Published in: on November 17, 2019 at 4:00 pm  Leave a Comment  
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Stretching One’s Legs

Of a late autumn afternoon, as the light fades and the green grass greys, the best of all possible things to do is to conceal a freshly produced poo in the crunchy brown leaves raked half under the hedge. It is if you’re a cat, anyway.

Published in: on June 19, 2012 at 8:25 pm  Leave a Comment  

Stuff

A list:

 

Car

House

Backyard

Front yard

Air conditioning

Driveway

Fence

Lawn

Lawns

Roof

Electricity

Gas

Sunlight

Darkness

Health

Vitality

Money

Luck

Help

Appliances – kitchen

Appliances – entertainment

Appliances – vanity

Appliances – other

Clocks

Light bulbs

Security

Seclusion

Privacy

Room

Rooms

Know-how

Talent

Application

Family

A job

Tools – power

Tools – non-power

Imagination

Design

A sense of taste

Rain

Reception – various devices

Friends

Weekends

Cutlery

Crockery

Hands

Pets

Published in: on March 2, 2011 at 7:47 pm  Leave a Comment  

Pets Are Killers, Sometimes

Last night as we were preparing for bed a persistent and mournful howl could be heard in short bursts from the direction of the back of the house. Laetitia and I got up to investigate. It sounded like a leprechaun saying “Owww” through a megaphone. It was the cat. He was in the kitchen, with a mouse he had caught or which had otherwise strayed into his path. Whatever led to the rodent’s encounter with the feline, the result was as inevitable as it was unsavoury. I wonder what the mouse thought about its predicament. It fell to yours truly to deliver the coup de grâce. And I still feel uncomfortable about it all.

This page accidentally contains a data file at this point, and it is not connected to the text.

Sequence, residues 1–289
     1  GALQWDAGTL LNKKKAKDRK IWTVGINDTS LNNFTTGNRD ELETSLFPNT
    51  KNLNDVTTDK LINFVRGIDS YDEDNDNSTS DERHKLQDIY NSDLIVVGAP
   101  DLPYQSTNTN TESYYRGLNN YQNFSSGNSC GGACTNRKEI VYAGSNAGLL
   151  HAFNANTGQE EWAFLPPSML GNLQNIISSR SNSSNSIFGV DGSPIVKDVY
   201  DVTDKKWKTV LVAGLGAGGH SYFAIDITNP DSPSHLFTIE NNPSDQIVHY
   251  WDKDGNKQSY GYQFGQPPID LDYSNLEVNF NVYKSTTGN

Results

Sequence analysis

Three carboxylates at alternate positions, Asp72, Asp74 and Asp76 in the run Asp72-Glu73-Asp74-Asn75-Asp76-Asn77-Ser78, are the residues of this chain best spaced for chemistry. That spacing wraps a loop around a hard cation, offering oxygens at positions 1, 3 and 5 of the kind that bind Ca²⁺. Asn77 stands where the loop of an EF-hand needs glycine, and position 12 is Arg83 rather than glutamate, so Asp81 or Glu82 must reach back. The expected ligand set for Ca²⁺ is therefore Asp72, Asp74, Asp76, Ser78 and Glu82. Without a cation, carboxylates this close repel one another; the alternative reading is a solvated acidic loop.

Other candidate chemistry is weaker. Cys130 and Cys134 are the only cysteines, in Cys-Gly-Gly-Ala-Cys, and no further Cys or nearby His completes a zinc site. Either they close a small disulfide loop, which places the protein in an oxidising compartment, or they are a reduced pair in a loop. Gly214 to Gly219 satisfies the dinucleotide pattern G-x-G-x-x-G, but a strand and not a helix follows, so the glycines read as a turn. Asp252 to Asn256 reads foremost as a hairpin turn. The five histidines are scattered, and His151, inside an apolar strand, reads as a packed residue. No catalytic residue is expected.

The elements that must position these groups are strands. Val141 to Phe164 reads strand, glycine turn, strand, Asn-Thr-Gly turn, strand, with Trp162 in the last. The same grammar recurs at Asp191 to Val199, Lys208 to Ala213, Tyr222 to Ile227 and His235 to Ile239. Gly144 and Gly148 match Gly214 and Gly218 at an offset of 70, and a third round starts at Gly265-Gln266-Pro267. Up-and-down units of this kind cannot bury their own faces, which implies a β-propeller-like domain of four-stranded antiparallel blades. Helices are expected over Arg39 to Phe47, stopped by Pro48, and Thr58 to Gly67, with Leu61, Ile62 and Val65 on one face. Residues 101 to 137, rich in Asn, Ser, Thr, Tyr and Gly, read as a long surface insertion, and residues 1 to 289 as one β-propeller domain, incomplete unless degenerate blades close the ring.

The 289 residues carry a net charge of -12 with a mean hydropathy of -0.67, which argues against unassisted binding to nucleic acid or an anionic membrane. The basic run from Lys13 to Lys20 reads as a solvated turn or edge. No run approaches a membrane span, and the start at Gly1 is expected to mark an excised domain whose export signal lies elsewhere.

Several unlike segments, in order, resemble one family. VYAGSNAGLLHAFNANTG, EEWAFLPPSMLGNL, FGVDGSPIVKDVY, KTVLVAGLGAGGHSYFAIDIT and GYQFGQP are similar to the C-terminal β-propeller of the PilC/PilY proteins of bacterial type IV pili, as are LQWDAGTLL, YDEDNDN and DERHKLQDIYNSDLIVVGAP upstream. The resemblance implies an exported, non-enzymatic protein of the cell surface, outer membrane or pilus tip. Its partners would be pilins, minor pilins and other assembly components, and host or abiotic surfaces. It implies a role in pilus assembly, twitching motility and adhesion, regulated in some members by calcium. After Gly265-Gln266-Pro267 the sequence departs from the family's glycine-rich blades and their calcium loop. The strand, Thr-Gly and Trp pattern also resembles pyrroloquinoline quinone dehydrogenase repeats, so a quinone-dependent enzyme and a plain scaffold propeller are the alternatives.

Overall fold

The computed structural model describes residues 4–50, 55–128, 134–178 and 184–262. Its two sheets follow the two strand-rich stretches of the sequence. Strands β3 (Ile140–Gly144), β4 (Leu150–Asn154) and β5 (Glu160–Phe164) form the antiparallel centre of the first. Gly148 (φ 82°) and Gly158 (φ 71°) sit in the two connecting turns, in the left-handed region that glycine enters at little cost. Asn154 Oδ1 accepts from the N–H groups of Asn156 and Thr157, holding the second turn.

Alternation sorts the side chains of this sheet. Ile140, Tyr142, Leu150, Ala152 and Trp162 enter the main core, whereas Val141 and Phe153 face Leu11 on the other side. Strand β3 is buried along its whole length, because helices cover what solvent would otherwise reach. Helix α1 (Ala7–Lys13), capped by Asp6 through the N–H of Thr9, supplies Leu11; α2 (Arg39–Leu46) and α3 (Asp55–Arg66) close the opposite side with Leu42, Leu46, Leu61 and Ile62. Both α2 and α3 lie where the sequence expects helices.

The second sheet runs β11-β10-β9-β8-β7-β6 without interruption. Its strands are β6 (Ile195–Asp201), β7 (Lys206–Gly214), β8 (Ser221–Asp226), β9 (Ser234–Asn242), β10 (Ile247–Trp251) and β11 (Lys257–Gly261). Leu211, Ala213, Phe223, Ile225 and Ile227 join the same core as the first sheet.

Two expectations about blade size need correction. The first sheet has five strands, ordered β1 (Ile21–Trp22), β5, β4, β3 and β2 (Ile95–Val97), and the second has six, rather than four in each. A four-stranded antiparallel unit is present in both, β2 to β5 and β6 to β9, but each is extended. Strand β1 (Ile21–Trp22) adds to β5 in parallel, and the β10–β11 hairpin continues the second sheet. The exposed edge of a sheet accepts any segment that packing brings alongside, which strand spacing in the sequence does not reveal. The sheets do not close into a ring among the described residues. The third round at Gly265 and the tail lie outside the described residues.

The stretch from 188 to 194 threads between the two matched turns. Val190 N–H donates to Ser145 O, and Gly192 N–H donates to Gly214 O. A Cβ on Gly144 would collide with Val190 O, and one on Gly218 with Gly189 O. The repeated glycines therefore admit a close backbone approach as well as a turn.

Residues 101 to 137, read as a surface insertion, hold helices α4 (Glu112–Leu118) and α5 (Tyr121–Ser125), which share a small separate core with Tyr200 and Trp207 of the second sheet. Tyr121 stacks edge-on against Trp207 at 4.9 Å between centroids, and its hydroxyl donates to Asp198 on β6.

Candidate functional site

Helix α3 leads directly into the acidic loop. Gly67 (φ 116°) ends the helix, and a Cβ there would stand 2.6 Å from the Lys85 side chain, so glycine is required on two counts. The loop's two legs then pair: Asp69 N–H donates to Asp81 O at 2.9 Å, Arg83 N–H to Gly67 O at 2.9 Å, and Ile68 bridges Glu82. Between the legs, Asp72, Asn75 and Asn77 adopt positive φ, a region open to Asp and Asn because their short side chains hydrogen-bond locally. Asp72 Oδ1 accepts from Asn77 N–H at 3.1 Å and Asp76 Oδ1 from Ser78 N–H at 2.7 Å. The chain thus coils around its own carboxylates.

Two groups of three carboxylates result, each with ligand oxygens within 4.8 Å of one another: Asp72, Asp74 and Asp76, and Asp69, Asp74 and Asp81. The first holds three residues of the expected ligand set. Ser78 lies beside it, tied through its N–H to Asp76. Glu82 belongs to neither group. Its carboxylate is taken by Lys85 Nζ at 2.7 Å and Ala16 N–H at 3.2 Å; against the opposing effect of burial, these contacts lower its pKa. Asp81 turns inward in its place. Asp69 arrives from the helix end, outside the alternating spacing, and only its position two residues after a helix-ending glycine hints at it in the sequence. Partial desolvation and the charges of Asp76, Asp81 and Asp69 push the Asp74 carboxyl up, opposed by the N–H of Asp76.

Mr. Mu had switched into badass small animal torturer mode as easily as one pulls on a pair of undies when dressing for work. And it became quite difficult to picture him as the same loving and loyal animal who loves a cuddle when the humans come home, and enjoys a good purr while he sits on your shoulder with his head snuggling against your neck and twists his tail when you give him cat massages on the thighs and the back, and it seemed incongruous to think of our adventure play “man time”, shared in the front yard and beyond at about 5pm when I water plants and check on the health and progress of those things I have potted or are in the plant hospital for strugglers on the verandah. But it is the same animal. Domestic animals are only animals who know how to behave. In certain conditions they cast aside what they know, the equivalent of humans becoming temporarily uncivilised (for animal instincts are obviously in us too), and they behave as creatures who have to dominate their environment for fear that other creatures will dominate them.

It is scary.